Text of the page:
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The Crown Prosecution Service has questioned whether activist Lauri Love is exaggerating the state of his mental health to avoid being extradited to face charges of hacking US government computer systems.
Love appeared in Westminster Magistrates’ Court for a two-day extradition hearing. He faces a prison sentence of up to 99 years if found guilty of charges in 3 US states.
Love, a Suffolk-based electrical engineering student with dual British and Finnish citizenship, faces prosecution for allegedly taking part in online protests following the death of American computer scientist Aaron Swartz.
He is accused of hacking into the computers of US government agencies, including Nasa, the FBI, the Department of Defense, the Federal Reserve Bank and three private companies.
The case is the first test of the “forum bar” introduced by home secretary Theresa May, following the Gary McKinnon hacking case, which gives the British courts the right to prevent prosecutions overseas if it is in the interests of justice to do so.
In a hearing on 28 June 2016, Michael Kopelman, a forensic psychiatrist at King’s College London, told the court Love would be fit to stand trial in the UK, as he would have the support of his parents, who are his emotional lifeline.
The same would not be true if he were to be extradited, said Kopelman. “It would be devastating for him to be separated from them,” he said.
Love at risk of solitary confinement in US prison
During the hearing, Love’s parents had told the court they were convinced Love would take his own life if he was forced to stand trial in the US.
Both of Love’s parents work in the UK prison system. His father Alexander Love, a prison chaplain, said he was shocked to learn that prisoners with special psychological needs are routinely held in close confinement.
“I am sure the intention of their policies is laudable, but I am amazed they try to achieve them the way they do,” he said.
Love’s father said he believes his son’s hacking was an unhealthy development of the political activism he pursued while still a student. “He was busy trying to save the world, without taking care of himself,” he said.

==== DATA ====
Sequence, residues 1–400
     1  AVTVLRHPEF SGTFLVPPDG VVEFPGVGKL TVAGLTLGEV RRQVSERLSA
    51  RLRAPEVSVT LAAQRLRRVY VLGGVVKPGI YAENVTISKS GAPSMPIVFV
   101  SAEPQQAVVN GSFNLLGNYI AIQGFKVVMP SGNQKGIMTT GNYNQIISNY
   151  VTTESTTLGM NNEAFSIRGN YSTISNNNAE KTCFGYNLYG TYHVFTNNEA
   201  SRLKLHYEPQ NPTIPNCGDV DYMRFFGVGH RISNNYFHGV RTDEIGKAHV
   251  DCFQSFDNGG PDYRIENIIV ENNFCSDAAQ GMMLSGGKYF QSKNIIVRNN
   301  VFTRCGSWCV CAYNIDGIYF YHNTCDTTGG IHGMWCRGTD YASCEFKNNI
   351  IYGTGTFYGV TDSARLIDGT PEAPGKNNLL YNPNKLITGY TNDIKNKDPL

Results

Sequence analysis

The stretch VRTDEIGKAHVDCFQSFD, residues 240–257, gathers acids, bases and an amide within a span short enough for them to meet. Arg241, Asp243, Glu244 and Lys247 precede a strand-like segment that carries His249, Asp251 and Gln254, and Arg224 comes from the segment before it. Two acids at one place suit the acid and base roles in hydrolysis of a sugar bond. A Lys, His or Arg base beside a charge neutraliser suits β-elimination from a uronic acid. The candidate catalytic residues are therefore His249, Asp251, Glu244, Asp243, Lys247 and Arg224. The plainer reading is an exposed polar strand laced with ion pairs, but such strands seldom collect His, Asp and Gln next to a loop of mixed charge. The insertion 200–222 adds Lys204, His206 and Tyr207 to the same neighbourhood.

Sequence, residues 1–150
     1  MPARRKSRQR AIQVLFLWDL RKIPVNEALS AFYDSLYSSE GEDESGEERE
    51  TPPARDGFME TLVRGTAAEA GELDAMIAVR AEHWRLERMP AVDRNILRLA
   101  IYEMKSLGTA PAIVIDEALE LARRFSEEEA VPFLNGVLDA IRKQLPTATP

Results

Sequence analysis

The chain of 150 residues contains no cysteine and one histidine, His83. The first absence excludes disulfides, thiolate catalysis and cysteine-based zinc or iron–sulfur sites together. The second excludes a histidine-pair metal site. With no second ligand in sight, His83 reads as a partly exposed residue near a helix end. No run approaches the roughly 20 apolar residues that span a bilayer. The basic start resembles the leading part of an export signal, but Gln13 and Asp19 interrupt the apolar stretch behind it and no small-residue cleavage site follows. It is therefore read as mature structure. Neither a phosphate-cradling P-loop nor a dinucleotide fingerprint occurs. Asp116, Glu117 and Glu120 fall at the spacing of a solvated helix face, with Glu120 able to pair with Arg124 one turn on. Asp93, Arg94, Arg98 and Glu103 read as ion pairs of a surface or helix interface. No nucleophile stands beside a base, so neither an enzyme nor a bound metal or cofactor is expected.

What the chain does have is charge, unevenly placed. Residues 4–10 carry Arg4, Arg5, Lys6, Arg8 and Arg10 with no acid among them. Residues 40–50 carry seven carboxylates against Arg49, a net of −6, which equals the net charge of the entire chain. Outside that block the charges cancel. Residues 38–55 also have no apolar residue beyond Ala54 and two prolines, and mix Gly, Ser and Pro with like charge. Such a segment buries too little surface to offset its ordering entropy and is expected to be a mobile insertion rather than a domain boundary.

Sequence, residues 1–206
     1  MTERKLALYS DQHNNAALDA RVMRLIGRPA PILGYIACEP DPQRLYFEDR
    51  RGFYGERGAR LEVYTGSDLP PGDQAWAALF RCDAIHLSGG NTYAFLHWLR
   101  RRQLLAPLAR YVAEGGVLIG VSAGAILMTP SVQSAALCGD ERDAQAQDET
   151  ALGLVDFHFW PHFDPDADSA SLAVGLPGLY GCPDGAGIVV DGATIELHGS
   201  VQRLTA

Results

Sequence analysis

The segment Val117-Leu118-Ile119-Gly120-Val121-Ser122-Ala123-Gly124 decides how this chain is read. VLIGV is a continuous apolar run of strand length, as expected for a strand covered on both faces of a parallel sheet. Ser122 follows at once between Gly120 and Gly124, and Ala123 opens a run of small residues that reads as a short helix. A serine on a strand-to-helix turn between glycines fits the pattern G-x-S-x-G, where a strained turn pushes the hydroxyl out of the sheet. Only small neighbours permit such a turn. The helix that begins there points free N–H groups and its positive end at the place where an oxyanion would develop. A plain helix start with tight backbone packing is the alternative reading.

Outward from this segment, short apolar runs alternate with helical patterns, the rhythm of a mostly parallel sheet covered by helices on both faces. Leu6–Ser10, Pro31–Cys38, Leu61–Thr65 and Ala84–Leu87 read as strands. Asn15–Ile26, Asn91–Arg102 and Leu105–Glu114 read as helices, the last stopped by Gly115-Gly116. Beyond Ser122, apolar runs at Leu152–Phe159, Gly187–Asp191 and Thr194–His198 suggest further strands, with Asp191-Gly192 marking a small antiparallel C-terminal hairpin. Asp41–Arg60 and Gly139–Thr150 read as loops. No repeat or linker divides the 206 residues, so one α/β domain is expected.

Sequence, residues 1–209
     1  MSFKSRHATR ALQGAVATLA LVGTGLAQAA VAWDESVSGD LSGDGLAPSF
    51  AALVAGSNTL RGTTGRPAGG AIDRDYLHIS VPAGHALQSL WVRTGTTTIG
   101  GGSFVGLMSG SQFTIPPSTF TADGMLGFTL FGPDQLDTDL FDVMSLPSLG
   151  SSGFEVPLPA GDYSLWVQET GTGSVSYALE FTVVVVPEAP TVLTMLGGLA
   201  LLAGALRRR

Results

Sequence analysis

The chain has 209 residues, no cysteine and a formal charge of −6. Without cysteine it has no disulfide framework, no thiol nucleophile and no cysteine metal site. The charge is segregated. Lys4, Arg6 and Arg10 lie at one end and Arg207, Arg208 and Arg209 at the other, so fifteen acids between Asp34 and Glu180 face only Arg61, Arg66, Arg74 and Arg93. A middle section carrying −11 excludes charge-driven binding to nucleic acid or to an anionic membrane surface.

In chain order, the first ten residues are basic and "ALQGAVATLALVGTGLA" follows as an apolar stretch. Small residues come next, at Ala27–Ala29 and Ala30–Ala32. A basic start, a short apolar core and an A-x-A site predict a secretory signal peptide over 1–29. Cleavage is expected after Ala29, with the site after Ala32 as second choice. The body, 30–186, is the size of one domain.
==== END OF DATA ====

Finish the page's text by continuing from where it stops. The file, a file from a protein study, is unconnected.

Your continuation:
Prosection lawyers suggest Love is dramatising conditions
Kopelman told the court that Love’s pre-occupations with a narrow range of topics were a feature of Asperger’s Syndrome. “He has an inability to see through the consequences of his actions, which is characteristic,” he said.
He told the court that his assessment of Love revealed that Love had a very high score for suicidal tendencies.
Prosecution lawyer Peter Caldwell asked if the 2013 date of the consultation was significant, given it coincided with the intervention of the police in Love’s domestic matters, following his arrest.
“Officers came to Mr Love’s home address and searched the premises and the investigation began,” he said. “Was there a tendency to dramatise the situation?”
Kopelman said his medical presentation suggested otherwise. “I don’t think so. The pattern of his symptoms makes me think this is not a fantasy, as you put it this morning,” he said.
Love’s Asperger’s undiagnosed until his late 20s
Simon Baron-Cohen, professor of developmental psychopathology at the University of Cambridge, diagnosed Love with Asperger’s Syndrome in 2012, when Love was in his late twenties.
He told the court the social isolation felt by people with Asperger’s Syndrome would be likely to exacerbate what he felt to be “really quite severe depression”.
Love’s father had earlier told the court that he had failed to see past his son’s intellectual potential, otherwise Love might have been diagnosed earlier.
“It was our fault as parents,” he said. “We were dazzled by his obvious brilliance. I did not see that my son was struggling with life.”
Medical conditions put Love at risk of suicide
Love’s depression led to a very pronounced risk that he might try to take his own life, said Baron-Cohen. “It is extremely serious and dangerous in terms of the risk of suicide.”
Love’s intelligence, which Baron-Cohen described as “way above average”, might also lead him to find ways of killing himself while in prison.
“He has a huge capacity for absorbing information. He can also turn that to finding ways of killing himself,” he said.